A. Yes, I contacted him and had him come into the office, that I was investigating a sexual assault case wherein he was the alleged perpetrator.
Q. In the course or your conversation with him, did you ask him if he had had intercourse with [the complainant]?A. Yes, I did.
Q. And what did he say?
A. He denied to answer that and further stated that he felt that that was up to her to prove that.
Q. Now, were you present when the Defendant testified [at the first trial]?A. Yes.
Q. And what did he say about that having intercourse with [the complainant] that day?
A. If I remember correctly, he indicated that they did have but it was consensual.
Q. But he didn't say that to you when you interviewed him, is that correct?A. No, he did not.
Q. Did you ask him about other events on that evening of what occurred?
A. After — as far as he indicated that he would talk with me in reference to the relationship, as far as other incidents that evening that we got into that later.
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Q. What did he say about what they did during the time that they were alone together?
A. He indicated that there was some contact between the two of them. There was some kissing and hugging. And I believe he used the term — there was intimacy between them.Q. Did he ever say that they had intercourse?
A. No, he did not.
Q. His only statement regarding intercourse was that she had to prove that, is that correct?A. Correct.
The Court of Appeals noted that the defendant did not object to the introduction of this evidence, but nonetheless found it to be error that warranted reversal:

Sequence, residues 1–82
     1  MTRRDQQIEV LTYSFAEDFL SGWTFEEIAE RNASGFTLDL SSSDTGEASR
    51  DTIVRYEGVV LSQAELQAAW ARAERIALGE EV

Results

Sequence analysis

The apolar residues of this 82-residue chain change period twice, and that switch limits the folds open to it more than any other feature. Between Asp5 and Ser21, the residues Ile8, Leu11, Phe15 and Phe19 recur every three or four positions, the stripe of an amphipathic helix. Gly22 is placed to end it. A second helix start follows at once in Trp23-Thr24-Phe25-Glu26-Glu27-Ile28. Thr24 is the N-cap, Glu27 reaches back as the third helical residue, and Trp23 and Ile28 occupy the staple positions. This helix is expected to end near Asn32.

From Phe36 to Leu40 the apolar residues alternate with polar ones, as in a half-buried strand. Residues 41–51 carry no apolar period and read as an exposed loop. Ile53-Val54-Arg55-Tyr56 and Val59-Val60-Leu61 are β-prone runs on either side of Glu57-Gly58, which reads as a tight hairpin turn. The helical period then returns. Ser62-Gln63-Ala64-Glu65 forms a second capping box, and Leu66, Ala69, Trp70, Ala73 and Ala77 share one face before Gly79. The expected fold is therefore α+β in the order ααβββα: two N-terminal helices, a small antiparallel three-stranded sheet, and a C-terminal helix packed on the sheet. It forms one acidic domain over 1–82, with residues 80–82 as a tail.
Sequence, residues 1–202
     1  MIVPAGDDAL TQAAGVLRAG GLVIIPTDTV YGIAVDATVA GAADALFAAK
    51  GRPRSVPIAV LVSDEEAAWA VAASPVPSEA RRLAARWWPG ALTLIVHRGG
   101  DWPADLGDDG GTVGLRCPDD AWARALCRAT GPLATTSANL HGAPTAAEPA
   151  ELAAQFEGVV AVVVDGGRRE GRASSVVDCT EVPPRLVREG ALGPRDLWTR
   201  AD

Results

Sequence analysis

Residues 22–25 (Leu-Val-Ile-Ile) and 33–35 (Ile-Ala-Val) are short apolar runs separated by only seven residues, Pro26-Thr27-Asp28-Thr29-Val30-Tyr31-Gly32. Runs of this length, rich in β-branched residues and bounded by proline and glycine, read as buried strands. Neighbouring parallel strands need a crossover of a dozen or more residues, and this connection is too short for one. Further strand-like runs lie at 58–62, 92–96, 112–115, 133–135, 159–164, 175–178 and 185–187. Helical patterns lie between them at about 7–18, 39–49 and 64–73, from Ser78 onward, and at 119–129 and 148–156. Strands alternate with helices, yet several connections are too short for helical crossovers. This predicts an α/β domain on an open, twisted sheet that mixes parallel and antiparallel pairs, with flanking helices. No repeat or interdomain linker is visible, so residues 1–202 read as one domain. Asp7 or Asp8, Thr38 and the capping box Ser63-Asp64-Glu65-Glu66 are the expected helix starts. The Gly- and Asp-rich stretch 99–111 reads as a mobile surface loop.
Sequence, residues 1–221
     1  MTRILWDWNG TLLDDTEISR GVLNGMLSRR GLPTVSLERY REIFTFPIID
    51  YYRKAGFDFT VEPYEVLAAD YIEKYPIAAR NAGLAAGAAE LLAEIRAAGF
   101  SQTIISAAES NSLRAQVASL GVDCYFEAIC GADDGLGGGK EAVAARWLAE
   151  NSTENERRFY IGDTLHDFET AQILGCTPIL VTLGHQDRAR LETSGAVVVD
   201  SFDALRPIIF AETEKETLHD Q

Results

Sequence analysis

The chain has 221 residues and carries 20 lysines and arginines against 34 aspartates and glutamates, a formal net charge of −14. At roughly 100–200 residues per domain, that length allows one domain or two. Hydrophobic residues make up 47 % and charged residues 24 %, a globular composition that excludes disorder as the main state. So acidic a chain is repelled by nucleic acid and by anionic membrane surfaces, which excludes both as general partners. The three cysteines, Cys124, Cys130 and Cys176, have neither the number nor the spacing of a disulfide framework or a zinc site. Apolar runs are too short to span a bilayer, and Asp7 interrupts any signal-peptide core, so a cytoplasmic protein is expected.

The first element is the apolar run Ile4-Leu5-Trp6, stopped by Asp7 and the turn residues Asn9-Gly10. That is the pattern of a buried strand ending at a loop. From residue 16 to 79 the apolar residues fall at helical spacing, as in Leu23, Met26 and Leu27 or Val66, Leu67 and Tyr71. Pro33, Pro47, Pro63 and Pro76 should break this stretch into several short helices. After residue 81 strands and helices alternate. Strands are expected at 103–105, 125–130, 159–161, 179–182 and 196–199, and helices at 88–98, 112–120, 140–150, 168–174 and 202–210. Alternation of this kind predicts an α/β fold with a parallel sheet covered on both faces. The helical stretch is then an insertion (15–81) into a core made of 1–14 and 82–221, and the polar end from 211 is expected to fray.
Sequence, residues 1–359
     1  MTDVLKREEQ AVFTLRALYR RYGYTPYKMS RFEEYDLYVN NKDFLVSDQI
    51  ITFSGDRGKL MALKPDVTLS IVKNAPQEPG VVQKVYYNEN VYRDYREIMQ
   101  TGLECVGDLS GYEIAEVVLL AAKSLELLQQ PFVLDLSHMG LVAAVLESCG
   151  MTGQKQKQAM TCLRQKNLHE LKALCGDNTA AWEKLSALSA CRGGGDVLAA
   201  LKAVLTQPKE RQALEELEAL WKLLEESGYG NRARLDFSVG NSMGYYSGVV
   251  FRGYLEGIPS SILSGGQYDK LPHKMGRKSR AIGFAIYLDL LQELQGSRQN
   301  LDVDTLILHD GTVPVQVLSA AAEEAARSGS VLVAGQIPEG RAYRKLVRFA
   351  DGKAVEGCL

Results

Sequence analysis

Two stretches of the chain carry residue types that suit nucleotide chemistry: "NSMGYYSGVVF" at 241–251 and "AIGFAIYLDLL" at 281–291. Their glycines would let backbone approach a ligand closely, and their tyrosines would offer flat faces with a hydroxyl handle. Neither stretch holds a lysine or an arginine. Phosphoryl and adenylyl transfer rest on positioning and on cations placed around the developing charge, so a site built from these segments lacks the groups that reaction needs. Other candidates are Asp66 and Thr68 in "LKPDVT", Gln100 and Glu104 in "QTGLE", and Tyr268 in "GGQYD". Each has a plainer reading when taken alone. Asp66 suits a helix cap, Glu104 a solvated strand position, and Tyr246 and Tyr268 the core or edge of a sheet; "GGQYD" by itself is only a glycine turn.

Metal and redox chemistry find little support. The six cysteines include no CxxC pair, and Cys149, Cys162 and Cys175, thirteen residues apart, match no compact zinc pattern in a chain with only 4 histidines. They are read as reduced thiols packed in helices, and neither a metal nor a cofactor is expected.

An investigating police officer testified in the prosecution's case in chief that defendant exercised his right to remain silent when questioned about whether he had intercourse with complainant. Although there was no objection to this evidence at trial, the issue involved a significant constitutional question, and we follow People v Alexander, 188 Mich. App. 96; 469 N.W.2d 10 (1991), where this Court determined that the prosecution cannot deliberately inject a defendant's silence after the defendant has been given Miranda warnings. Miranda v Arizona, 384 U.S. 436; 86 S Ct 1602; 16 L Ed 2d 694 (1966). This is not a question of impeaching defendant by his somewhat ambivalent exercise of his Miranda rights after he has testified. This is a question of presenting to the jury in the prosecution's case in chief, before it could even know if defendant were going to take the stand, that he had affirmatively asserted his right to remain silent as to a question propounded to him by an investigating police officer when he was the focus of investigation.